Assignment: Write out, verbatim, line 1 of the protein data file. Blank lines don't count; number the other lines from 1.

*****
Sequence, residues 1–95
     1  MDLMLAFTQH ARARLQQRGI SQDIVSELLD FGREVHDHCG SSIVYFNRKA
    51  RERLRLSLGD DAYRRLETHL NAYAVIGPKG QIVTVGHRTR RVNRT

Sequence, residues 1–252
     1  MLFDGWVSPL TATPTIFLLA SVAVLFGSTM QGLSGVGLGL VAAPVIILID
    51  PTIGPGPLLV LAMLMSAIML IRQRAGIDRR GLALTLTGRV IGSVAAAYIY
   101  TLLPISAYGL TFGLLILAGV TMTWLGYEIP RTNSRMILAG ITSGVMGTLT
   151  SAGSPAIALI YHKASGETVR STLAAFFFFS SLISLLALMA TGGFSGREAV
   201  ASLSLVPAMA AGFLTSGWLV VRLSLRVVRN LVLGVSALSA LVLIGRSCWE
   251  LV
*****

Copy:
Sequence, residues 1–95